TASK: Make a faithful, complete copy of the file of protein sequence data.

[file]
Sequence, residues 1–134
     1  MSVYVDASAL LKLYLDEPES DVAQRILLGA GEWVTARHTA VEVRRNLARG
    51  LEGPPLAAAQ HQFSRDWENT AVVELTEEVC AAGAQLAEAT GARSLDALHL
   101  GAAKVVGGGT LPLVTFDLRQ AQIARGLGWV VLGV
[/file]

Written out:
Sequence, residues 1–134
     1  MSVYVDASAL LKLYLDEPES DVAQRILLGA GEWVTARHTA VEVRRNLARG
    51  LEGPPLAAAQ HQFSRDWENT AVVELTEEVC AAGAQLAEAT GARSLDALHL
   101  GAAKVVGGGT LPLVTFDLRQ AQIARGLGWV VLGV